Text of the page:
Half of the battle in getting good photographs of pets in preparation. Deciding on the location, time of day, inside/outside, learning about what makes your subject tick and sorting what equipment you’ll need.
So where to pose your pooch?
When out and about it is important to take into consideration the sun/shadows when deciding where to pose your pooch. I would always aim (especially in summer) to have outdoor photoshoots in the golden hour after and before sunset with the soft light, but this isn’t always possible. Once you’ve decided which direction best lights your gorgeous four-legged model then it time to take into consideration the background. Is it a background that enhances your canine poser or is it one that will distract? Look for any lines in your background and ensure any horizon/sky lines are level and I like to put these either a third up or a third down the image. (personal choice) Next is to decide on whether you want any detail in the back ground or whether you are going to use a shallow depth of field and just keep the subject sharp, I use both in different situations.
Now you have picked the perfect spot, how do you get the most out of your subject?
Is your subject pro poser or a shrinking violet?
Some dogs are natural born poser like my Red cocker, he loves the camera and the camera loves him, but some dogs will shut down when a camera is pointed at them making you stop to wonder if you’ve actually picked up a gun by mistake. Nobody wants a photograph of their dog looking miserable…….unless of course that is their character….(sometimes it is, so embrace the grumps)
It is this point that talking to your clients about their dog’s personality is import, this is why I will always ask, what three words would you use to best describe your pets character and what does your dream photograph of them look like?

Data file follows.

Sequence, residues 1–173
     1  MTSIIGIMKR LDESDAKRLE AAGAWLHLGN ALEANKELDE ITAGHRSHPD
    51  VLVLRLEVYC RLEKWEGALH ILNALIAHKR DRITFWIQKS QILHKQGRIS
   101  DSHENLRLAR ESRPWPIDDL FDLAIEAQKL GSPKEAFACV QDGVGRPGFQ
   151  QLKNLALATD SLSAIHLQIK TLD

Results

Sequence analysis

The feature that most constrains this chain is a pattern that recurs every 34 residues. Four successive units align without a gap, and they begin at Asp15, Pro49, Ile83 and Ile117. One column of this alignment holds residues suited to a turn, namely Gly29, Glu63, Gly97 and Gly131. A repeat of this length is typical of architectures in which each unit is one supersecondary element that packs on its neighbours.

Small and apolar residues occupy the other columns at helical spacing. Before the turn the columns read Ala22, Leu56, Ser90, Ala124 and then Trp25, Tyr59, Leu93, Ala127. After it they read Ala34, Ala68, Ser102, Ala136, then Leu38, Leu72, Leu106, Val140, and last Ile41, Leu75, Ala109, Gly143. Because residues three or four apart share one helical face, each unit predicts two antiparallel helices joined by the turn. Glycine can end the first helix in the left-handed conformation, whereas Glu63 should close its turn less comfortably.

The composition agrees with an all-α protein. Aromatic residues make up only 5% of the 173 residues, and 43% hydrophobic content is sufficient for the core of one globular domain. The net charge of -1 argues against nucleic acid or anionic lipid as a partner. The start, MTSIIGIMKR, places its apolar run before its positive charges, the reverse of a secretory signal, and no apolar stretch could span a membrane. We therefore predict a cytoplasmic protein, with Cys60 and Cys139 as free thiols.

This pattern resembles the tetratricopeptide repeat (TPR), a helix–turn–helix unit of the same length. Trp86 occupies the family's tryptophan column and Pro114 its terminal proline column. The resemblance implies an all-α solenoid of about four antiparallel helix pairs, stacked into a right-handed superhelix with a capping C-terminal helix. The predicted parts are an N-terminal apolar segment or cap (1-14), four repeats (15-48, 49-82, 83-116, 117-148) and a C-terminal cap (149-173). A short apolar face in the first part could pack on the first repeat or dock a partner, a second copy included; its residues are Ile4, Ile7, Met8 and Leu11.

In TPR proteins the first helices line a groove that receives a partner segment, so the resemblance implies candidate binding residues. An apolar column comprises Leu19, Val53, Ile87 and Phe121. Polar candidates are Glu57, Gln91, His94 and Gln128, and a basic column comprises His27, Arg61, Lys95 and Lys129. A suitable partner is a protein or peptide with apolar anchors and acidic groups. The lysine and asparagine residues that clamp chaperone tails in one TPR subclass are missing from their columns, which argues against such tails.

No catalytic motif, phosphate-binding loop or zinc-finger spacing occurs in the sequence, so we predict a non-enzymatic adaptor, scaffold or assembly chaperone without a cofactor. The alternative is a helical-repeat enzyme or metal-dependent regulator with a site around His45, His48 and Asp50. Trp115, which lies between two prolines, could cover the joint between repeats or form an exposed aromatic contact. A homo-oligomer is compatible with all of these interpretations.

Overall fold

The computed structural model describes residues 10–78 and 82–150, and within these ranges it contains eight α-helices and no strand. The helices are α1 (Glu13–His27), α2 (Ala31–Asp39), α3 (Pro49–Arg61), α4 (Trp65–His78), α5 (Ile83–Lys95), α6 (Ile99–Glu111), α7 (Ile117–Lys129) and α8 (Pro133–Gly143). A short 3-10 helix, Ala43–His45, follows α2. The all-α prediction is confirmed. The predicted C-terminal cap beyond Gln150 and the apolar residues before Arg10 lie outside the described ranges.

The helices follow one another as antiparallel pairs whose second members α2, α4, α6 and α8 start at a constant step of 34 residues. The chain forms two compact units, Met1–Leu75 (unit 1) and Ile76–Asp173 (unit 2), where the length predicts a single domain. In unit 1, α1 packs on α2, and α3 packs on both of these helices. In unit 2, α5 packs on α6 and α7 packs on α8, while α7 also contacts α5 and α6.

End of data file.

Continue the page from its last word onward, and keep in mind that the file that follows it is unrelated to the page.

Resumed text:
Once you know the character of your subject its up to you often with the help of an owner to bring it out and capture it!
I will try and get the dog posed in several different positions, but the levels of training vary greatly so sometimes you have to work with what they give you especially when gorgeous puppies are involved. Ideally, I would like a few standing poses, side on with them looking back down their body (I like this pose as it leads people’s eyes in and then back over the dog), then another maybe with their front paws on a log or something less natural if in the studio. Next would be similar poses but sitting, then lying down…..My fave shot is head on the floor between paws looking straight into the camera as you can really capture the eyes, but its not always a shot I get unless they are posing pros!
So going back to our dogs that look like your about to shoot them and I don’t mean with a camera, you need to find out what makes them happiest in life and use it. Is it balls? Treats? Their human? If you are really struggling with getting a “smile” out of a dog try animal noises! Sounds crazy right….. but trust me on this one, most dogs will forget about the fact they don’t like their photo being taken and look at you with huge interest……..*disclaimer* This tactic will often end with a dog on your head to get the snap quick!! Have that shutter speed nice and high! Haha
As beautiful as our dogs are, when posing them I often use natural things found in the environment to draw your eye to them in the photo, whether that’s framing or leading lines. Also little dogs can often get lost in an image despite making the most of angles and lying on the floor, so to help the little guys and gals out I will also make use of props that they can stand on whether that’s in the studio or out.
The most important thing is to have fun! I enjoy ever shoot I do as there are always lots of laughs…..usually at my repertoire of animal noises! And remember you may have an idea of the shot you want in your head as may the owner but be realistic and work with whatever the dog gives you.
I am part of a blog circle so please head over and check out Angela’s blog next 🙂 this week was photographer’s choice.